The Education Policy Forums, first conducted in 2002, became a regular election-year program.  Partnering with the Georgia School Boards Association, the Partnership conducted education policy briefings for local school board and state legislative candidates. Expert speakers covered a wide-range of educational topics that provided the participants with a firm non-partisan foundation on which to make future education-policy decisions.  The program was discontinued in 2012.

The Georgia Partnership commissioned an external audit of the state Department of Education’s new proposed curriculum in 2004.  The audit had the full support and cooperation of State Superintendent Kathy Cox.  Phi Delta Kappan International conducted the review while the standards were under revision.  The in-depth 167-page report included recommendations that were used to strengthen the curriculum building process.

2004 saw the Partnership intensify its efforts at engaging the business community in the educational process.  Partnering with the Georgia Chamber of Commerce, the Economics of Education program and publication were created.  Updated four times in 2007, 2010, 2013 and 2017, the message was and is clear: education in Georgia must be improved if the state is going to remain competitive for economic development and subsequent prosperity.  The initiative uses state and national data and research to underscore the impact on individuals and communities if higher educational levels are not achieved. It also provides strategies for community leaders to get involved in improving education by addressing issues of early learning, high school completion, and teaching quality – all factors that if not addressed can have a detrimental effect on quality of life issues and the business environment.  Economics of Education presentations continue to be delivered to numerous business and civic audiences across the state.  Request a presentation. 

An off-shoot of the Economics of Education program was the Partnership’s Community Engagement Program that began in 2005 – an offer to work with communities that decided to move forward with a concerted educational improvement plan.  Representatives assisted several Georgia counties (Elbert, Troup, Butts, Bulloch, Paulding, Tattnal, Forsyth Counties and Marietta and Calhoun City School Systems) in developing comprehensive and focused plans designed to increase student achievement and make their educational systems more attractive to outside business development. The “How To’s of Community Planning” brochure provides details. This program has been discontinued.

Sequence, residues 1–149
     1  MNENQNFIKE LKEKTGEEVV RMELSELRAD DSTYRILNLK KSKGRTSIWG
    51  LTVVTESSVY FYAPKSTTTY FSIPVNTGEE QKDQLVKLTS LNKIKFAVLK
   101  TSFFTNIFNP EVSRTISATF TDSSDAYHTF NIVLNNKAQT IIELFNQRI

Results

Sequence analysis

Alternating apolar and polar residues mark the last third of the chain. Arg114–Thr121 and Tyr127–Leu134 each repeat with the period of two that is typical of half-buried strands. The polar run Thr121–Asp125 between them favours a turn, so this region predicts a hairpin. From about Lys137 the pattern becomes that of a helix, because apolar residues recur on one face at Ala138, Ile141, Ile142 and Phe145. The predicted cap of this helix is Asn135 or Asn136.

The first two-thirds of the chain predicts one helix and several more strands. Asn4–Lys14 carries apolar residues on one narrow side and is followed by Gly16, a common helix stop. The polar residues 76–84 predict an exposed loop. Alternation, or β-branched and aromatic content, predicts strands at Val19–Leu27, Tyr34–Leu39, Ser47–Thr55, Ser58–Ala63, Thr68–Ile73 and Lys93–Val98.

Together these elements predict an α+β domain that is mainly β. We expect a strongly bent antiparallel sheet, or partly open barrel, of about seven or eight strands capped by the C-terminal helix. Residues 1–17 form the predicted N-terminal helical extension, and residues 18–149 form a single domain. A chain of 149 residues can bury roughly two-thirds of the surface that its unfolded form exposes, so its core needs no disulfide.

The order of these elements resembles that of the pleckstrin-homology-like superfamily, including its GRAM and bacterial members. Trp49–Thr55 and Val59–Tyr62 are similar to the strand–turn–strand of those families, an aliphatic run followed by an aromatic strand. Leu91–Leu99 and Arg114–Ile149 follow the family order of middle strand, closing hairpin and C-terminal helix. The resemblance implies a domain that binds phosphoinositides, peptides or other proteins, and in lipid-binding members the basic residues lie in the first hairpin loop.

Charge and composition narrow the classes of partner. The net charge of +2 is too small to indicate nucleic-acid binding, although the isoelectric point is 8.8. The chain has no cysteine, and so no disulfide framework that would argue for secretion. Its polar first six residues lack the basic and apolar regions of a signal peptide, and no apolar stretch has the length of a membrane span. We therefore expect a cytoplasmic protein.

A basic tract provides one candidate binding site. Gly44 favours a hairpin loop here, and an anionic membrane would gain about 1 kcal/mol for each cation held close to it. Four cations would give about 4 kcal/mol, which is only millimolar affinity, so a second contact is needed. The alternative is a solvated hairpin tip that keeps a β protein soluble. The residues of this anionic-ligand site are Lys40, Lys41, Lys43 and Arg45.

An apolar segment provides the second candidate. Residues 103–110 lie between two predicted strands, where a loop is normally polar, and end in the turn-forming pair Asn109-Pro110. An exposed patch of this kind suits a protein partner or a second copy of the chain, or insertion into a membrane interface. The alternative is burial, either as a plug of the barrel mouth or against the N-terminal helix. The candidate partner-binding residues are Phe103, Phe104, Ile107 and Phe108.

The Partnership has developed strong ties with the business community. Working with the Georgia Chamber of Commerce, the Metro Atlanta Chamber of Commerce and independently, the organization has raised awareness of the importance of education to the state’s economic prosperity. The Partnership’s Board Chair is always a business leader.  Currently serving is Milford McGuirt, Atlanta and MidSouth Area Managing Partner, KPMG.

In 2006, Governor Sonny Perdue realized the importance of a concerted, focused effort on the part of the various state educational agencies in improving student achievement.  He directed that these agencies come together under the heading of the Alliance of Education Agency Heads to better pool and share their expertise and resoucres. In the early years of the Alliance, the Partnership and the Metro Atlanta Chamber of Commerce were asked to serve as partners in reaching out and informing the business community on Alliance initiatives.